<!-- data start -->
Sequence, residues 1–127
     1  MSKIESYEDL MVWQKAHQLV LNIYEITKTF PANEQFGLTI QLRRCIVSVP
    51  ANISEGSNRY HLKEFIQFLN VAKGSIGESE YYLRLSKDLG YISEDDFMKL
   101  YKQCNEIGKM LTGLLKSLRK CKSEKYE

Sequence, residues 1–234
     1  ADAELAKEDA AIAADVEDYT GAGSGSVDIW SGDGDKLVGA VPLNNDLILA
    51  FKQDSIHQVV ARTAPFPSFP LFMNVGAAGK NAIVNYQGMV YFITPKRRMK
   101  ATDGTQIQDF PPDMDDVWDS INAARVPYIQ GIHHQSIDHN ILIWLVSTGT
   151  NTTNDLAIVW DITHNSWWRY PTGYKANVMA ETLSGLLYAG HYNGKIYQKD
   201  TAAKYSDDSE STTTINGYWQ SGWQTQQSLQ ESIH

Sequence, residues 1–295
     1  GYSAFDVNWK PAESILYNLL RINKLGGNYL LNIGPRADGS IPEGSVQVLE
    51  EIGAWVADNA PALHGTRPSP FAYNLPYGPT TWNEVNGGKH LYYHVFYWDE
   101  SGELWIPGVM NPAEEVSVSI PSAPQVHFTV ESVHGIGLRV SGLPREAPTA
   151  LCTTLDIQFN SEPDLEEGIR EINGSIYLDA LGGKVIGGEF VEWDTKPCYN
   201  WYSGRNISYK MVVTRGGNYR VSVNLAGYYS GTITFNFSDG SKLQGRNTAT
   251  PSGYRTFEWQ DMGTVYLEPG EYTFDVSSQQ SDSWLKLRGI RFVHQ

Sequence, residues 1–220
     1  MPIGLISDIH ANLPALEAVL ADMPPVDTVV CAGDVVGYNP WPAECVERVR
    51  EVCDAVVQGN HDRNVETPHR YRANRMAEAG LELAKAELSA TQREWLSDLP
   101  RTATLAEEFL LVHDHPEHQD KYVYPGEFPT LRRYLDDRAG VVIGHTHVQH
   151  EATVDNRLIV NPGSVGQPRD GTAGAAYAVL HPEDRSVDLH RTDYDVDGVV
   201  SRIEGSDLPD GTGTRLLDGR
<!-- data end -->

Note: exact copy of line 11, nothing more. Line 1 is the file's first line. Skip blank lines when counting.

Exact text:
Sequence, residues 1–295